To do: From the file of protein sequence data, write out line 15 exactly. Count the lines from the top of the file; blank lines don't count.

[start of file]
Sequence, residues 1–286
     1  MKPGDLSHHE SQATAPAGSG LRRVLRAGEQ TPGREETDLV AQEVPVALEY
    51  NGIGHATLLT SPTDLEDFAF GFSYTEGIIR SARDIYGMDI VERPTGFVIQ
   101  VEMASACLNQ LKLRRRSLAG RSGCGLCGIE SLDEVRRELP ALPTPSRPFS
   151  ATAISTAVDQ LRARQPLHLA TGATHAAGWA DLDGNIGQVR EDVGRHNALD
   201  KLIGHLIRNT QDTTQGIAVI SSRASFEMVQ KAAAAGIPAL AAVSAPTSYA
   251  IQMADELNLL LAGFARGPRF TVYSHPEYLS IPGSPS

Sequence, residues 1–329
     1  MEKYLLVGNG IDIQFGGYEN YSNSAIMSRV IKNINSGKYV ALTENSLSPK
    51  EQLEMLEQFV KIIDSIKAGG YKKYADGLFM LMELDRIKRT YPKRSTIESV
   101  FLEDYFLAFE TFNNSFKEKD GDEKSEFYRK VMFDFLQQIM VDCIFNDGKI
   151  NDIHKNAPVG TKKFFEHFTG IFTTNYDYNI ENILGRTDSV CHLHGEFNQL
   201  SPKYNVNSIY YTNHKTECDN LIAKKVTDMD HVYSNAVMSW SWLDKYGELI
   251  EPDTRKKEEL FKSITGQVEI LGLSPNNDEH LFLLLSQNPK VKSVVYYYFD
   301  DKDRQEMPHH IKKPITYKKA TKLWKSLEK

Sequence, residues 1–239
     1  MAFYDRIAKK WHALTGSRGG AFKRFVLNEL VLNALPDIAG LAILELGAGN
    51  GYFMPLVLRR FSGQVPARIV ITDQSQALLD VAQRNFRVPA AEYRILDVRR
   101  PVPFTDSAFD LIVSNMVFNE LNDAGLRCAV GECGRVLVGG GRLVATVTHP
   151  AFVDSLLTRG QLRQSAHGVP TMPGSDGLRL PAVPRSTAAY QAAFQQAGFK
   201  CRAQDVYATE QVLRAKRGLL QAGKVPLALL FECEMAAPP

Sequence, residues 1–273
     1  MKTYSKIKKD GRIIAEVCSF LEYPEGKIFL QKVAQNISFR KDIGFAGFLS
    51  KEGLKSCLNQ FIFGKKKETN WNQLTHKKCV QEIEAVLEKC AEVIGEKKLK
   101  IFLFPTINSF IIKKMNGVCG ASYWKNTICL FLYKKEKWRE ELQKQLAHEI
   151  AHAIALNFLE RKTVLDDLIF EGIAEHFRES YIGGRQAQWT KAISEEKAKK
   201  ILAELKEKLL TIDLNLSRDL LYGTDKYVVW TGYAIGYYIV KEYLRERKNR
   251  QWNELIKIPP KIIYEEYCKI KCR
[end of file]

   301  DKDRQEMPHH IKKPITYKKA TKLWKSLEK